April 15 isn’t most Americans’ favorite day, and that’s because most years, it’s the official, federal tax deadline (for the first time in 65 years, tax day now falls on a different day, July 15, 2020) . Tax Day, as it’s called, has a long and interesting history in the States that goes all the way back to Abe Lincoln’s leadership. Federal income tax was introduced with the Revenue Act of 1861 to help fund the Civil War, and subsequently repealed, re-adopted, and held unconstitutional. The early taxes were based on assessments, not voluntary tax returns. Tax payment dates varied by act.
1861: The First Federal Income Tax
Abraham Lincoln, who was an American president from 1861 to 1865, proclaimed the first federal income tax his first year in office. 1861—particularly August 5—is the historical day that marks the future-changing decision. At the time, Lincoln announced a 3% tax rate for anyone who made over $800 a year (roughly $24,000 with today’s inflation). The decision was made to help fund the Union’s efforts during the civil war. Though we are still being taxed today, Lincoln’s tax system was repealed in 1871.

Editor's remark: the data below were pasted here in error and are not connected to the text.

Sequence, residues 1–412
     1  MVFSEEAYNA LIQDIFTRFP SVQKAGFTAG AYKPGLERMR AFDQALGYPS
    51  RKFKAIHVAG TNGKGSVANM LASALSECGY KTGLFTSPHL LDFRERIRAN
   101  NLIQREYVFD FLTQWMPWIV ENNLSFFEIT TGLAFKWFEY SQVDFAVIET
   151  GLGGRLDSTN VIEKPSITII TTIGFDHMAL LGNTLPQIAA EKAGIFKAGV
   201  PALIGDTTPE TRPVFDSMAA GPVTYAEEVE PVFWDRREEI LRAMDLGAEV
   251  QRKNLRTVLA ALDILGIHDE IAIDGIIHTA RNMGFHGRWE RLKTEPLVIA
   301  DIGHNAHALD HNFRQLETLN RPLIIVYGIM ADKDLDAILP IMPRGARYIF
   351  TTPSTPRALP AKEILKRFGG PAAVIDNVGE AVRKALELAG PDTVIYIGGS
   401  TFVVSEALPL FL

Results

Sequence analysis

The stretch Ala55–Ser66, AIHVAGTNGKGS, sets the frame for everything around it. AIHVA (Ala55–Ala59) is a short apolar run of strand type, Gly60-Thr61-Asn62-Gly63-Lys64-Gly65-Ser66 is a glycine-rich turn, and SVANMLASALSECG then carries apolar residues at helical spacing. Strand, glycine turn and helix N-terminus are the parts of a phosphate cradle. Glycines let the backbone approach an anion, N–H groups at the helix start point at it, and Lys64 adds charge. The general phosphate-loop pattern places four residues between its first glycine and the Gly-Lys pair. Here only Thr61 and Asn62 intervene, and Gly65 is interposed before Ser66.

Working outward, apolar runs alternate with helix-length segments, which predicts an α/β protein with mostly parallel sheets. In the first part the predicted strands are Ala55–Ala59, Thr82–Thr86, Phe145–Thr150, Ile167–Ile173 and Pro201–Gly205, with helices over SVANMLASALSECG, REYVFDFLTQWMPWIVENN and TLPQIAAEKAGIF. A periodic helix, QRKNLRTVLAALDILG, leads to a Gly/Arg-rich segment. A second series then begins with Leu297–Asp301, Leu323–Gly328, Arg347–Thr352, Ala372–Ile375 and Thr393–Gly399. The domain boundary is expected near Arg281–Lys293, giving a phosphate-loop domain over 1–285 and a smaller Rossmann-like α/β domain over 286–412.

1894: Tariff Act of 1894 Rules […]